As the smartphone market in India starts consolidating in the face of intense competition as well as the launch of low-cost 4G feature phones, there is scope for new leadership.
Given how positions in the business have changed dramatically over the last seven years, leadership today may be no guarantee for the future. Till 2011, Nokia Corp. was the runaway market leader in India, ahead of companies such as Siemens AG and Motorola. That changed once Korean companies such as LG Electronics Inc. and Samsung Electronics Co. Ltd came in with lower-priced feature phones.
Though Samsung continues to be the Indian market leader, with a share of more than 25 percent, by 2014, its dominance had started coming under attack from a new set of home-grown price warriors like Micromax Informatics Ltd, Intex Technologies and Lava International Ltd. Crashing prices to unheard levels, these companies swiftly built large market shares such that by the end of 2015, the three of them accounted for almost 30 percent of the Indian market and were ranked among the top three vendors according to International Data Corp.
Yet, just over a year and a half later, all three find themselves out of that list, with their collective share falling to around 13 percent in the first quarter of 2017, down from 40 percent in the first quarter of 2016. Their nemeses were Chinese smartphone makers like Xiaomi Inc., Vivo and Oppo Electronics Corp., who collectively control over 50 percent of the world’s second largest market.
The factors responsible for the decline of the Indian phone makers are well documented. If the advent of Reliance Jio Infocomm Ltd sent rivals like Bharti Airtel Ltd and Vodafone India scrambling to protect their turf, it also exposed the weaknesses of the Indian handset suppliers, who were still making 3G phones at a time when the market had moved on to 4G. Vitally, on their way up, Indian smartphone makers adopted a simple, if ultimately ruinous strategy—buy cheap phones from Chinese manufacturers and sell them in India.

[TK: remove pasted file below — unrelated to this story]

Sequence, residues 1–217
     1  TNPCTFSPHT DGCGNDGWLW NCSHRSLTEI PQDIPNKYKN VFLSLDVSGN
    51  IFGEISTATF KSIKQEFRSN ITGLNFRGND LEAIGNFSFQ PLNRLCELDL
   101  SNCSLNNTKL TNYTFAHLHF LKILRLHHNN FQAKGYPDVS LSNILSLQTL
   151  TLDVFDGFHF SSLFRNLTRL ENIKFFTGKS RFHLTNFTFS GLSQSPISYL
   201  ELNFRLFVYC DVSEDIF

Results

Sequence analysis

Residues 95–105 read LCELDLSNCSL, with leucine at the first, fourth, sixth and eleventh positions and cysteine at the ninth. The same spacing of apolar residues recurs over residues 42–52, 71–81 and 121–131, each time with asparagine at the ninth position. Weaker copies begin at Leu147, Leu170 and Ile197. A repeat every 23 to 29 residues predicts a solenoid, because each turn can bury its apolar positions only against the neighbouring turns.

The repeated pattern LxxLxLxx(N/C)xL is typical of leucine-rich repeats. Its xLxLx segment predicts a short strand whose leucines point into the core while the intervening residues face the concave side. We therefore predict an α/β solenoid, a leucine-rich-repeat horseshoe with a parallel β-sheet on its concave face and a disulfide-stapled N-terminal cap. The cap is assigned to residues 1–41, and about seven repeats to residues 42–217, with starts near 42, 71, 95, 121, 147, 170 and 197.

It wasn’t long before the same Chinese manufacturers came to India on their own and busted the party for the Indian vendors. Basking in the light of their instant stardom, the Indian companies had created few, if any, barriers to entry. It was a clear case of sitting back in defence when they had taken the lead, a tactical error all coaches of international field sports like football and hockey warn their players against.
Having grossly underestimated the growing sophistication of their potential user base, they also fell into the trap of subscribing to the myth that the Indian consumer goes for the cheapest option in the market. In reality, customers in India were interested in the best value-for-money phones. This was provided by the new set of smartphones from Chinese companies who read their needs better and came equipped with smartphones that incorporated high-powered cameras with high resolution and larger screens. So alarming has been the advance of the Chinese brigade that calls have gone out for some form of protection for domestic companies. The government has paid heed, although its help may be coming too late. Starting 1 July, India imposed a 10 percent basic customs duty on smartphones.
That will give global manufacturers like Wistron Corp. and Foxconn Technology Group, who have invested heavily in setting up manufacturing in the country, an edge against imports, but may not be enough to bail out Indian handset makers.
The Chinese brigade that supplanted home-grown makers is also seeing a fierce internecine battle, with new leaders emerging every few quarters. Their business model rests upon huge volumes and with more and more of them making a beeline for India to escape a stagnant home market, stability isn’t guaranteed even for the current leaders. Driven by the availability of cheap capital at home, they have a tendency of combusting when that spigot is turned off, as happened with once high-flying Dakele, which collapsed dramatically when its funding sources dried up.
In any case, forecasters say that in the future, mobile phones will look like nothing that we see right now. Advances in technology indicate that phones will soon be replaced by implanted or wearable augmented reality devices. Enter Facebook, whose boss Mark Zuckerberg has suggested that glasses or contact lenses embedded with augmented reality technology could replace today’s “primitive” smartphones. If that happens, who do you think will be driving the phone market in India? - Livemint